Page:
Laurie Angela Cumbo, a community activist and Director of the Museum of Contemporary African Diasporan Arts (MoCADA to the acronymious), will announce tomorrow that she's running for City Council in Brooklyn's 35th District (Fort Greene, Clinton Hill, Prospect Heights, Crown Heights and parts of Bedford Stuyvesant), on a platform centered around culture:

"This is our chance to bring an arts agenda to NYC.
This is our chance to bring a community perspective to NYC."

Them's mighty big words, and perhaps a bit of an oxymoron. Make that two oxymora or more, because New York City has an arts agenda already, just not one with a community perspective of any kind, unless you mean the "community" of tourists or the "community" of big players in the cultural-industrial complex. As New York's Commissioner for Cultural Affairs once explained, the arts are a terrific boon for the community, because every time some fat-cat developer destroys a neighborhood to build some cultural complex or other there's a few more jobs for parking-lot attendants. Not different, really, from the policy practiced by Unesco: to designate, and then fund, the preservation of "World Cultural Heritage" sites, which often as not is a pretty-sounding expression for "gentrify."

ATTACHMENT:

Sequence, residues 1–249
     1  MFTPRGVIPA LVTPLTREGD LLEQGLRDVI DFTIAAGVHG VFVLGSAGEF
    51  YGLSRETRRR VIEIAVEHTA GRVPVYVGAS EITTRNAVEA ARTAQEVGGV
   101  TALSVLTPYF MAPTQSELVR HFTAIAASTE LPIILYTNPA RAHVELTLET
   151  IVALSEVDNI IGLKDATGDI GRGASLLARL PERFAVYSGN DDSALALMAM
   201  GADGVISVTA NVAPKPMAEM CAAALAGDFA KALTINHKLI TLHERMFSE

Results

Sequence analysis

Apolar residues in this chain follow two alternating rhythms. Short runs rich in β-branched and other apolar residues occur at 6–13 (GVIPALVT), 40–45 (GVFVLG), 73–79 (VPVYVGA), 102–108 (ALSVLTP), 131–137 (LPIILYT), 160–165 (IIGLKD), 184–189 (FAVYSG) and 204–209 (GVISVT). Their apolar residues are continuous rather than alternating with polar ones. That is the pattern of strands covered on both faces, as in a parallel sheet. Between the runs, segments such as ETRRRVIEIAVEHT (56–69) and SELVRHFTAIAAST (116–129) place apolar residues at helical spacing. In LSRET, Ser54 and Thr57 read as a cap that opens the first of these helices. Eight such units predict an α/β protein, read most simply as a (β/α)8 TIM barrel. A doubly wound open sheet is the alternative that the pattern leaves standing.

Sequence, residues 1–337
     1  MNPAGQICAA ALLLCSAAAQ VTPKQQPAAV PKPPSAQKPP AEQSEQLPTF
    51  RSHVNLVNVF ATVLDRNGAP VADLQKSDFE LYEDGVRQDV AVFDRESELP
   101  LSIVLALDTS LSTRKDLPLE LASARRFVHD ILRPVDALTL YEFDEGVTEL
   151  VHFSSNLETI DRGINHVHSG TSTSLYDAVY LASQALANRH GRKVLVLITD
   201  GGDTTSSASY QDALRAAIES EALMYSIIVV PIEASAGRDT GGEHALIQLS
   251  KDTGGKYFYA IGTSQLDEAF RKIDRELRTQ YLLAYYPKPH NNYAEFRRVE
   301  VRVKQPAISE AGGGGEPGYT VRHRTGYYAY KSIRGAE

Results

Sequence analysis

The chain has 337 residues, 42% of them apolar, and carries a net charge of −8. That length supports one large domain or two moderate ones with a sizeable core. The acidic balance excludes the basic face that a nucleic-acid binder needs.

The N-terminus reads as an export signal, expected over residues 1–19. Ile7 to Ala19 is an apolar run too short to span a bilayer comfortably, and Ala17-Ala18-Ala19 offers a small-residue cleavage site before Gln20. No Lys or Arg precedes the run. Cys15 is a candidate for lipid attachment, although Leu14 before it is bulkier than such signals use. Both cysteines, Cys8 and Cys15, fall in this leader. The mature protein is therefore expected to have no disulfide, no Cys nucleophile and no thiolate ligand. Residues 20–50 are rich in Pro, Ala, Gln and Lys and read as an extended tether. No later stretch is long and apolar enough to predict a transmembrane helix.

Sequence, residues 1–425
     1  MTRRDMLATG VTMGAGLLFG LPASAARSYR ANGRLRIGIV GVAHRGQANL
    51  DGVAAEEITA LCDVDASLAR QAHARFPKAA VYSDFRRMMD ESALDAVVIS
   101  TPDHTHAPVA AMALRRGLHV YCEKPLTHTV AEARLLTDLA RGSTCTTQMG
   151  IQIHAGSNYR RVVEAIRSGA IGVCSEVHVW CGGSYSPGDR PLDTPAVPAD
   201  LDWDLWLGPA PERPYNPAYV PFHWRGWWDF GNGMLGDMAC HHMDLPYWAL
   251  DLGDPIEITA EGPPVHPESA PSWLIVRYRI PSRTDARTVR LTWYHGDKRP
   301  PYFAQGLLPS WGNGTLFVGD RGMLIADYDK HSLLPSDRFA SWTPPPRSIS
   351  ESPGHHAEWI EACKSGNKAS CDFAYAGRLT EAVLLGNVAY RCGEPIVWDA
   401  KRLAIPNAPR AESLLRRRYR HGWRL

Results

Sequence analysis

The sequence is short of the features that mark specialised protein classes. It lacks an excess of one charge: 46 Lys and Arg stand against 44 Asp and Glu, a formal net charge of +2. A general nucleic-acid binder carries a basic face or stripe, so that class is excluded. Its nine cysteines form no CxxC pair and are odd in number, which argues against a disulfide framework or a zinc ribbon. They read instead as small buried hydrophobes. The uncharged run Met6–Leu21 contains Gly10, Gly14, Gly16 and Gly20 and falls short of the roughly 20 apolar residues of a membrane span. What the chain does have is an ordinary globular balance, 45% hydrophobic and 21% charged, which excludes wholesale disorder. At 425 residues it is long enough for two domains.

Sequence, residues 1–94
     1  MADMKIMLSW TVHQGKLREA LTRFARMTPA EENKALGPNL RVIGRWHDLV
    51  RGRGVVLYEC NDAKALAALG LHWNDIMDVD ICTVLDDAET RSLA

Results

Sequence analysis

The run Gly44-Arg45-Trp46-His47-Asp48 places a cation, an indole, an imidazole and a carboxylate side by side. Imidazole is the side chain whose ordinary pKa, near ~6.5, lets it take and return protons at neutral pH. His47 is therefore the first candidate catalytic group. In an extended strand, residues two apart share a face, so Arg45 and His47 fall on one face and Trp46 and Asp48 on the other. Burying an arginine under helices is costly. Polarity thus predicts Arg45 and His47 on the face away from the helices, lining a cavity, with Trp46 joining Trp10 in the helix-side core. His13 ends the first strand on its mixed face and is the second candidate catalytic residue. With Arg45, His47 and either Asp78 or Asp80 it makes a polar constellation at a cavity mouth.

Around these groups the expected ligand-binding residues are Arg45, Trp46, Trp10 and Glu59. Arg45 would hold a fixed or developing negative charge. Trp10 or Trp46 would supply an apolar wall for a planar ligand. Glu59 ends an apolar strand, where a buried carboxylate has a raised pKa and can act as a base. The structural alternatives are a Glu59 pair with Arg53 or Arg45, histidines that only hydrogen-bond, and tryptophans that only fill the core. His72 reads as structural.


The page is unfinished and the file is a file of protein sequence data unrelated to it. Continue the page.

"MoCADA has become the institution for emerging Museum professionals who are eager to have a voice in shaping our local global community,"

says a press release for Cumbo. This would not be the first time art professionals are involved in reshaping a community around the arts and culture, the most successful example being social-democratic "Red Vienna" between 1919 and 1934. The announcement of Cumbo's candidacy brings up a number of questions that have been asked before, and should be asked again:

Cumbo's web site is at Pay attention. And wish her luck.

[10-11-2012; last revised 10-25-2012.]

- PW